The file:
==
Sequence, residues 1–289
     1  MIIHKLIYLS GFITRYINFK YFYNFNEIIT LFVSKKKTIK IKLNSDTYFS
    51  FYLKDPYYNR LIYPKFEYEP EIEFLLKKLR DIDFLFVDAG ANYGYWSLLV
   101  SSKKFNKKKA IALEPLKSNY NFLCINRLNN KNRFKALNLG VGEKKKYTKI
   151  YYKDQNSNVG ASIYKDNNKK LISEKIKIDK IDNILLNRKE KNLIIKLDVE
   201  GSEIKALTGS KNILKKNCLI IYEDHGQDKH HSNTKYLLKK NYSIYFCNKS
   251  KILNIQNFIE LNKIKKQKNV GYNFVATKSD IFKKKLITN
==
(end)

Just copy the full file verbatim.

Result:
Sequence, residues 1–289
     1  MIIHKLIYLS GFITRYINFK YFYNFNEIIT LFVSKKKTIK IKLNSDTYFS
    51  FYLKDPYYNR LIYPKFEYEP EIEFLLKKLR DIDFLFVDAG ANYGYWSLLV
   101  SSKKFNKKKA IALEPLKSNY NFLCINRLNN KNRFKALNLG VGEKKKYTKI
   151  YYKDQNSNVG ASIYKDNNKK LISEKIKIDK IDNILLNRKE KNLIIKLDVE
   201  GSEIKALTGS KNILKKNCLI IYEDHGQDKH HSNTKYLLKK NYSIYFCNKS
   251  KILNIQNFIE LNKIKKQKNV GYNFVATKSD IFKKKLITN